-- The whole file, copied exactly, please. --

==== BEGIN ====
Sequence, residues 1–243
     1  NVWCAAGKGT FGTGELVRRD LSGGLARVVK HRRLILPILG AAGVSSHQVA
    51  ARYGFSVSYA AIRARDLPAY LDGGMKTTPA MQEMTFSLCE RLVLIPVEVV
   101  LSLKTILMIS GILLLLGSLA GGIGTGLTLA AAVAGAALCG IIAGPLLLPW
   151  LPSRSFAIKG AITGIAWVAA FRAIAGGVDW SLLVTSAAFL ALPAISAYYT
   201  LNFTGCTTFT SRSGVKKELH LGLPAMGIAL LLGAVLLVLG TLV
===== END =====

Sequence, residues 1–243
     1  NVWCAAGKGT FGTGELVRRD LSGGLARVVK HRRLILPILG AAGVSSHQVA
    51  ARYGFSVSYA AIRARDLPAY LDGGMKTTPA MQEMTFSLCE RLVLIPVEVV
   101  LSLKTILMIS GILLLLGSLA GGIGTGLTLA AAVAGAALCG IIAGPLLLPW
   151  LPSRSFAIKG AITGIAWVAA FRAIAGGVDW SLLVTSAAFL ALPAISAYYT
   201  LNFTGCTTFT SRSGVKKELH LGLPAMGIAL LLGAVLLVLG TLV